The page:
ReduxReview:  Bernard Edwards produced the hell out of this track. The drums just sounded massive and the rest of the production was dense and meaty. Palmer was a perfect choice for the vocals and the hit certainly gave a big boost to his career. It led directly to his next solo album, Riptide, which was a major hit. It was all due to his involvement with Power Station. While I wasn't a big fan of the full album, this hit was one that I played a lot back in the day. It's still a pretty great track.

ReduxRating:  8/10

Trivia:  While Duran Duran took a break, John and Andy Taylor wanted to branch out and do a project with a harder edged rock sound. Initially, they came up with the idea of a band that would record all the songs, but each track would feature a different lead vocalist. Apparently, feelers went out to see if stars like Mick Jagger and Billy Idol would be interested in participating. In the meantime, they asked singer Robert Palmer to record a track and he obliged by participating in the recording of the song "Communication." Palmer then found out that the band was going to remake the T-Rex song "Get It On (Bang a Gong)" and wanted to do the vocals for it. It wasn't long before they all realized that with Palmer on board there was a real connection as a band and it was decided that Palmer would stay on and become the lead singer of the band.

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Monday, December 11, 2017

"Don't Come Around Here No More" by Tom Petty & the Heartbreakers

Song#:  2250
Date:  03/16/1985
Debut:  64
Peak:  13
Weeks:  14
Genre:  Rock



Pop Bits:  Following the band's tour in support their 1982 album Long After Dark, they decided to take a little bit of a break. When they got back to begin their next album, the plan was to do a conceptual double LP titled Southern Accents. However, that all changed when Petty met up with Eurythmics member Dave Stewart. Stewart had been working on a song that was potentially for Stevie Nicks (see below), but instead Stewart got hooked up with Petty and the pair hammered out this song plus two others. The three songs changed the album and although it would still be called Southern Accents, it would be a single LP minus the original concept. This first single certainly made a statement with its psychedelic feel. It was truly something different for Petty and unlike anything that was on the radio at the time. The odd track caught on and got to #2 at Rock while just missing out on the Pop Top 10. It was Petty's best performing single on the Pop chart since 1979's #10 "Don't Do Me Like That." The hit would help propel the album to #7 and it would eventually go platinum.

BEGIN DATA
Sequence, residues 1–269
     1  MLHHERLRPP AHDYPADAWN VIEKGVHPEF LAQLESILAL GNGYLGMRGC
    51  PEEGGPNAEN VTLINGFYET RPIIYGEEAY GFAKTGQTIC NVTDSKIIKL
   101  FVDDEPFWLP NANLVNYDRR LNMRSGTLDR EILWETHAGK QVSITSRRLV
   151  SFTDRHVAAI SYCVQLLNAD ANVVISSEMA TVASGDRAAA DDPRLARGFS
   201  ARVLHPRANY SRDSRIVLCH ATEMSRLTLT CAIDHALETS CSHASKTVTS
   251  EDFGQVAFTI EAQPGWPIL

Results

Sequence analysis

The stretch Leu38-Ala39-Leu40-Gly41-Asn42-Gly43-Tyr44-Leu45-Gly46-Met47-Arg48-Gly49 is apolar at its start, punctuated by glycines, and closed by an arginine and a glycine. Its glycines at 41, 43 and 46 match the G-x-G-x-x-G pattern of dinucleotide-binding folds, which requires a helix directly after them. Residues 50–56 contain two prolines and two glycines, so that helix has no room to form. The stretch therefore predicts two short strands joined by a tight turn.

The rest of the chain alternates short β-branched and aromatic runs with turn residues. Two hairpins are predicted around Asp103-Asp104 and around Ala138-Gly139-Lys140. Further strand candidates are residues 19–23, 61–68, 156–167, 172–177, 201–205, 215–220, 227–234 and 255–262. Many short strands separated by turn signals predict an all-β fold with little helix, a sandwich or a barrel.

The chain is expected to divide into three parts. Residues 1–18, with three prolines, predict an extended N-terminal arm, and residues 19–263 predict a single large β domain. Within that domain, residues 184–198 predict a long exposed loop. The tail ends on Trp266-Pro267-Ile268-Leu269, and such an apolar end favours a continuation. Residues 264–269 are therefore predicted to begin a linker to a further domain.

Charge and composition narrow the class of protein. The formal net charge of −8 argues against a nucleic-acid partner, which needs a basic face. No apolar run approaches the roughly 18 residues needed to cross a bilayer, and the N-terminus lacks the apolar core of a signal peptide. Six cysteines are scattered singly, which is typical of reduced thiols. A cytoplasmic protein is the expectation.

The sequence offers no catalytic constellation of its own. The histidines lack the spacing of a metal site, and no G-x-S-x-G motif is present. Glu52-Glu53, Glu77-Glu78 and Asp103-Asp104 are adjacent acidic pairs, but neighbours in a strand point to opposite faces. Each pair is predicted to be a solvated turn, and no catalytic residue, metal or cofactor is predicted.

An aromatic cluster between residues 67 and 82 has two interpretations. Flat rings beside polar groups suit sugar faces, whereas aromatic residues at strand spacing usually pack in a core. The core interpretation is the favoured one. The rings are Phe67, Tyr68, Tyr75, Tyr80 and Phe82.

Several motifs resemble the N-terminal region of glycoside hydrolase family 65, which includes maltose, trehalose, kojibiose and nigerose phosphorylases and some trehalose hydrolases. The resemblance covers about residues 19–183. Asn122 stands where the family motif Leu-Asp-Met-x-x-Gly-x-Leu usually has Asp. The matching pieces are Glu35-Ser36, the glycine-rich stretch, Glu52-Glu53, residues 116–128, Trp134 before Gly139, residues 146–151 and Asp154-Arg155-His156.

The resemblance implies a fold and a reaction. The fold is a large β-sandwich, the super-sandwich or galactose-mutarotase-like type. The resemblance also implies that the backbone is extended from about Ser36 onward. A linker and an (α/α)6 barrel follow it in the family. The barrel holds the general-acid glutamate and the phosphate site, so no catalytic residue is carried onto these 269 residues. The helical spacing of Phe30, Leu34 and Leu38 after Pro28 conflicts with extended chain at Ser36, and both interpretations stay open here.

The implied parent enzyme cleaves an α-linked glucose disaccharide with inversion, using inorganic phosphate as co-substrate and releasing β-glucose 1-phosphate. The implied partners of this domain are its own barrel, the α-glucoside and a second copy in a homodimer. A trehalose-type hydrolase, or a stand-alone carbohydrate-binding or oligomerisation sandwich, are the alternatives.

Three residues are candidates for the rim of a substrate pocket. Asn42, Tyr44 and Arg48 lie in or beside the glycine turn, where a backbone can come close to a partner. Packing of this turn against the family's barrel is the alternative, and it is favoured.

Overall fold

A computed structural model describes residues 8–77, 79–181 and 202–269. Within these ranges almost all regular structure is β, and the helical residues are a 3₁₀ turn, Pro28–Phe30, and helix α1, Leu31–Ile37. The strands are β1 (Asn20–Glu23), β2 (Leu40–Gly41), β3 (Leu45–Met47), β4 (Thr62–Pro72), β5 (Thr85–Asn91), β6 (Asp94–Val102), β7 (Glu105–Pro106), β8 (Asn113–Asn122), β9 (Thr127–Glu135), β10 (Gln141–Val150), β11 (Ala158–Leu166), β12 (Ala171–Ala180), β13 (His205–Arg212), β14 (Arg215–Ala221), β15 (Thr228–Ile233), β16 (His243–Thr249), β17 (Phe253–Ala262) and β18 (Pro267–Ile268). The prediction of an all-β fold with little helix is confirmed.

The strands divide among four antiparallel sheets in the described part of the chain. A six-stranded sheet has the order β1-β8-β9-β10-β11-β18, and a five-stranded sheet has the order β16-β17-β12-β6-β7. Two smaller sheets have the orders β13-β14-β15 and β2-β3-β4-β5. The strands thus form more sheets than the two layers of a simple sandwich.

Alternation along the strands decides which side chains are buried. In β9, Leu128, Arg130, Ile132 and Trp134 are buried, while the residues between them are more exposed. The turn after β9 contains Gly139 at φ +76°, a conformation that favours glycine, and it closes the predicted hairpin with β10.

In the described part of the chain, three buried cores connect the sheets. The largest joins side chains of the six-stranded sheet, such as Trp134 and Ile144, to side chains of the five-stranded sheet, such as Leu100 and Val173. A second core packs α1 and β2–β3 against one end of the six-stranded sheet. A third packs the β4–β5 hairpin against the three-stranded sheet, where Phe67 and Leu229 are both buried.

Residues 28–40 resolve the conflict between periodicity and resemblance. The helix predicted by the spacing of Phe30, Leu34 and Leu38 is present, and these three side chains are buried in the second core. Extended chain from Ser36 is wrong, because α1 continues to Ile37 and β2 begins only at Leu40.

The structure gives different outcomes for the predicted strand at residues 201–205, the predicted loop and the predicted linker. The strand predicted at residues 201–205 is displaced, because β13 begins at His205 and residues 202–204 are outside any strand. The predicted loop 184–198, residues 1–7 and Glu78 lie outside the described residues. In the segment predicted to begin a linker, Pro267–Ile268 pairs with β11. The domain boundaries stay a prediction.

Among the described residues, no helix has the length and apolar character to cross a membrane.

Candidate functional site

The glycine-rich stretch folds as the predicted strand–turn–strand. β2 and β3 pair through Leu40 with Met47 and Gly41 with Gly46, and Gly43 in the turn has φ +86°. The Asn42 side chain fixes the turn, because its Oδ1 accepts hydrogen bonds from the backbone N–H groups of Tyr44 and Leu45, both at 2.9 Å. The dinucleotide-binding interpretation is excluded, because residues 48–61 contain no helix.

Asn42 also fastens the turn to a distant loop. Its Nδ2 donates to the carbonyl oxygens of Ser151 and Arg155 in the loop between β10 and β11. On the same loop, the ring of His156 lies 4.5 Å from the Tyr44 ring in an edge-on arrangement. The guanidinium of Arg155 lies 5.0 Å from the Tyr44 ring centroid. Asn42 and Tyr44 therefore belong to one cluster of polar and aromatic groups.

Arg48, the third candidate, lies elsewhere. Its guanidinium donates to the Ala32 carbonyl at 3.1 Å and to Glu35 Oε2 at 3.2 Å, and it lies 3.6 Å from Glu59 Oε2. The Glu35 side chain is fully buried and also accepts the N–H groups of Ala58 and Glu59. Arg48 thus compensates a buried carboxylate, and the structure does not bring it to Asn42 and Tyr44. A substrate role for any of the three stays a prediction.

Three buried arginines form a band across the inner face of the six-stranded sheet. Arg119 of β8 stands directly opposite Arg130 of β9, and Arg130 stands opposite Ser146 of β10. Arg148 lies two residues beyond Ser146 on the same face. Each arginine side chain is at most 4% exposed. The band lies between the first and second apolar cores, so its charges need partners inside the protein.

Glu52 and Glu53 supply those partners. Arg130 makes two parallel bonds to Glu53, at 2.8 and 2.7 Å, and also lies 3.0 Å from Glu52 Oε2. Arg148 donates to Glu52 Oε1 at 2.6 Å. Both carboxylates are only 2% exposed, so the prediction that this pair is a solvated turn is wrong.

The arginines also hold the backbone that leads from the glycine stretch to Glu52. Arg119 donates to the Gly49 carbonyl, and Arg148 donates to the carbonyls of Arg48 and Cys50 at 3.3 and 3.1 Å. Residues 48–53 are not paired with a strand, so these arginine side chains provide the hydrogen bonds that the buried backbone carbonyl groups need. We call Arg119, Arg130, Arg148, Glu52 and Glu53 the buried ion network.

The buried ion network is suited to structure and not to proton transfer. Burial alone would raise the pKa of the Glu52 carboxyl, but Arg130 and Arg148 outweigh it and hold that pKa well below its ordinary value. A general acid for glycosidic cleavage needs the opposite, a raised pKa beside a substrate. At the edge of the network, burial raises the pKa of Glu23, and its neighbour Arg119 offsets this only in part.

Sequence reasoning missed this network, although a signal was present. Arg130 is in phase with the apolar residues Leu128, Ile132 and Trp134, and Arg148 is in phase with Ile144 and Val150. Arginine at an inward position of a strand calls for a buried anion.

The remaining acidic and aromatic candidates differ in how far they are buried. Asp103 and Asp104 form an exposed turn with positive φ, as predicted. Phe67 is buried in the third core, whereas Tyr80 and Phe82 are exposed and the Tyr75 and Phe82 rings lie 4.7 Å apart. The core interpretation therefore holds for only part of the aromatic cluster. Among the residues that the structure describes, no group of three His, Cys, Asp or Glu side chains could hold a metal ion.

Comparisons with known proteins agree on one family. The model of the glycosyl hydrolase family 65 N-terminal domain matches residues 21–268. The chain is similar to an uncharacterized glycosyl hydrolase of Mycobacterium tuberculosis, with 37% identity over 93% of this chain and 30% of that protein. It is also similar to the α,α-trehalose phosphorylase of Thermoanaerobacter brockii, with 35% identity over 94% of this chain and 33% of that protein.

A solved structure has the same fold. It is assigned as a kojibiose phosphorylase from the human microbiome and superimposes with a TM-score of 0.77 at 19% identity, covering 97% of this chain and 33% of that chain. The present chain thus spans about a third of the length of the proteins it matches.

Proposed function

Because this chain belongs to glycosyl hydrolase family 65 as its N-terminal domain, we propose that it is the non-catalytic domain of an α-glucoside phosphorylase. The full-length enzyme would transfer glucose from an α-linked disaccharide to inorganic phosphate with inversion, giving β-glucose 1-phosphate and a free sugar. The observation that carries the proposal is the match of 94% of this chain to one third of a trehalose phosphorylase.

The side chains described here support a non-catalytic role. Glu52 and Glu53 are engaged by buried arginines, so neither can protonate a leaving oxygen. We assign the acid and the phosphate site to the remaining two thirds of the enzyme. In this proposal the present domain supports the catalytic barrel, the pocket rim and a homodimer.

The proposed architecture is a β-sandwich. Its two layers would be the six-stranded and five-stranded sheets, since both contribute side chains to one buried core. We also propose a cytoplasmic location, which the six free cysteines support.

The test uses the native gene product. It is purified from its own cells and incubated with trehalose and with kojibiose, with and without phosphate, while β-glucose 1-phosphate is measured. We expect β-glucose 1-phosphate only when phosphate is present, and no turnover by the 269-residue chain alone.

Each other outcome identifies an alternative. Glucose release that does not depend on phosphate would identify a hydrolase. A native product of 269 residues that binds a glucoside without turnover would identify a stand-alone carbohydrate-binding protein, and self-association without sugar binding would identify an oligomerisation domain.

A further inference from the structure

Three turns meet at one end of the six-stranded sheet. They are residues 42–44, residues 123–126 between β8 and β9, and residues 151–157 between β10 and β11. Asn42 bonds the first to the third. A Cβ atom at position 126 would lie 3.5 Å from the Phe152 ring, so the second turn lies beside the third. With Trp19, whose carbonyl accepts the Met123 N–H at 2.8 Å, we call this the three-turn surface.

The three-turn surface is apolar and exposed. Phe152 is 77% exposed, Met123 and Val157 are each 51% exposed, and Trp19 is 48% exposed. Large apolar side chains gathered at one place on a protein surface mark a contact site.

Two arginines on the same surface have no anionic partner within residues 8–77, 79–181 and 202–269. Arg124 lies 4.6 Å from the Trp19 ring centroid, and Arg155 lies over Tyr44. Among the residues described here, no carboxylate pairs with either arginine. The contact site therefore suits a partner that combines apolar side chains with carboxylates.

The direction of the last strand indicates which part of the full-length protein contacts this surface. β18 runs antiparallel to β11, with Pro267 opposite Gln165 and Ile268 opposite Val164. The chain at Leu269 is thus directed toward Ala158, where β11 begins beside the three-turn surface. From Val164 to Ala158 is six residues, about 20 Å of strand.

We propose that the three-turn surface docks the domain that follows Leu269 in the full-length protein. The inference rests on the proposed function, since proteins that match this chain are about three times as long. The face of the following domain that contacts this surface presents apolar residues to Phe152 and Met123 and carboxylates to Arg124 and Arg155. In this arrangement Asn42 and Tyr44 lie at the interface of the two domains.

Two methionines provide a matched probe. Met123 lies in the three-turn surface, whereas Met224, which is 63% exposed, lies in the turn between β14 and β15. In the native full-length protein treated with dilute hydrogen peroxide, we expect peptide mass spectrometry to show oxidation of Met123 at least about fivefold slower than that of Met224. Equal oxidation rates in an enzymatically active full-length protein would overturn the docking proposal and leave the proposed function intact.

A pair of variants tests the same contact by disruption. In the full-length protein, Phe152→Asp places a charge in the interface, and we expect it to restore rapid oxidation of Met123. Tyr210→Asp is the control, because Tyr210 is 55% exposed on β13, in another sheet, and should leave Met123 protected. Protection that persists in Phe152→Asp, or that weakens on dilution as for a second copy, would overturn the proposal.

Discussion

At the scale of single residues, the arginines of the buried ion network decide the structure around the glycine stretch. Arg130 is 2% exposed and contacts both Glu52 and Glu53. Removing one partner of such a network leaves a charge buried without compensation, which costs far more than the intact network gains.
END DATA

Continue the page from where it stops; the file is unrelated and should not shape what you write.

ReduxReview:  I liked Tom Petty well enough back in the day, but I had never bought any of his records up to this point. Southern Accents was the first one I did buy and that was based largely on this single. Of course I adored Eurythmics, so the prospects of Dave Stewart merging with Petty was pure catnip. This song was truly odd and I loved it. The skittery drum sound, the sitar, the halting background vocals ("Stop!"), and the jammin' outro made this stand out on the radio. The bizarre video for the tune just added to the atmosphere. It was something completely unexpected from Petty and it still remains an interesting and much discussed entry in his catalog.

ReduxRating:  8/10